Destination: Venus


Although winds on the planet’s surface move very slowly, at a few kilometres per hour, the atmospheric density at this altitude is so great that they exert greater force than much faster winds would on Earth. This causes some especially dynamic and fast-moving effects in the planet’s upper atmosphere, one of the most prominent being its ‘polar vortices’. The polar vortices arise because there is more sunlight at lower latitudes. In the centre of the polar vortex, sinking air pushes the clouds lower down by several kilometres, to altitudes where the atmospheric temperature is higher. The shape of this vortex core, which typically measures 2000–3000 km across, changes dramatically as it is buffeted by turbulent winds.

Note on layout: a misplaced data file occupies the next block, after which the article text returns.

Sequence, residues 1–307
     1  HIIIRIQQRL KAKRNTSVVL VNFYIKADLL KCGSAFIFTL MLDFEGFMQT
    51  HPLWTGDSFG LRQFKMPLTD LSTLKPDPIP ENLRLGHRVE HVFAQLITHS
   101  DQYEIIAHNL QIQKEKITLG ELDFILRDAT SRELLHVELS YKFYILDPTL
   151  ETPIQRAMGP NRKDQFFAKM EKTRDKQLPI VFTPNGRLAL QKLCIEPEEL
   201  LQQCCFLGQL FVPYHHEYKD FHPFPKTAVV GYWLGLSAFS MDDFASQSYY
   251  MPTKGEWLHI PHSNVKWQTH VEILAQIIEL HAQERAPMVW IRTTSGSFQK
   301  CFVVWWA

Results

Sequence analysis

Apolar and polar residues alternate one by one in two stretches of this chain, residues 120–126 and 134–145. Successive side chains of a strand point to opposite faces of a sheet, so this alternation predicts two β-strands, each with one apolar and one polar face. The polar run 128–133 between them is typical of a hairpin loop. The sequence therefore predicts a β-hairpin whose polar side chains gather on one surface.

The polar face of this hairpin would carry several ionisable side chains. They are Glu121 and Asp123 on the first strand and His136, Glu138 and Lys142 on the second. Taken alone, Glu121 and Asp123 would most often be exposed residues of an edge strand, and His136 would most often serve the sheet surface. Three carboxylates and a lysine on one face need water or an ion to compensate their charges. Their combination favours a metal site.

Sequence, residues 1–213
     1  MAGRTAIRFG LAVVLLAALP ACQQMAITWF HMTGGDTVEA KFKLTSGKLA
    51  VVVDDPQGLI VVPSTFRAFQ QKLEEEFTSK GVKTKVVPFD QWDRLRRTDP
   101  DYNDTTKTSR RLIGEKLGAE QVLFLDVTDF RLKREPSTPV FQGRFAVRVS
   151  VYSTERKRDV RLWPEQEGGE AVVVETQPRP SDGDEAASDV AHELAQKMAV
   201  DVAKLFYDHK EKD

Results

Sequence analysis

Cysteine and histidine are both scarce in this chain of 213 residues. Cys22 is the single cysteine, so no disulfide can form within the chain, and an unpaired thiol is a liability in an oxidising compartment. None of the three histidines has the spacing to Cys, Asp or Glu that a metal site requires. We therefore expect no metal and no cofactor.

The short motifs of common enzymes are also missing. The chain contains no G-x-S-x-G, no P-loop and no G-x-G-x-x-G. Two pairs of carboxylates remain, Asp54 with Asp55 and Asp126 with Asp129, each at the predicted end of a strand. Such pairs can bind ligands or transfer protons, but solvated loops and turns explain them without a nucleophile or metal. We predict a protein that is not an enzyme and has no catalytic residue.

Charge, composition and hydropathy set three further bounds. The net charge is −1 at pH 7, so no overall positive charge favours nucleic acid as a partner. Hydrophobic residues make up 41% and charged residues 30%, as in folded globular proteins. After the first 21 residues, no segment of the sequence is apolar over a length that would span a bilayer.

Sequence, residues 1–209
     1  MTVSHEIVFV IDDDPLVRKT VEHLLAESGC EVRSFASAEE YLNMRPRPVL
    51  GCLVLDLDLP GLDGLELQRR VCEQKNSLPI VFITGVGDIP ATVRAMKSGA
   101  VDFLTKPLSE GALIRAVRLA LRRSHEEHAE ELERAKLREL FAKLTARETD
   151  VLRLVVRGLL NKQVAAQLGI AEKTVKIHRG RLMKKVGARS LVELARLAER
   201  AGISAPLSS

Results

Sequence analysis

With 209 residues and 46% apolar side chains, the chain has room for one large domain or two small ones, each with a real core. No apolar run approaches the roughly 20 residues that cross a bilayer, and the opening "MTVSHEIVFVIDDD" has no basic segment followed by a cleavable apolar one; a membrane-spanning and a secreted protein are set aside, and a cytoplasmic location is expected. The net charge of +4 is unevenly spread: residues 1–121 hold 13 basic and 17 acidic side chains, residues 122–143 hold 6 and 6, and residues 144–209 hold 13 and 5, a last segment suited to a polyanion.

Visit Link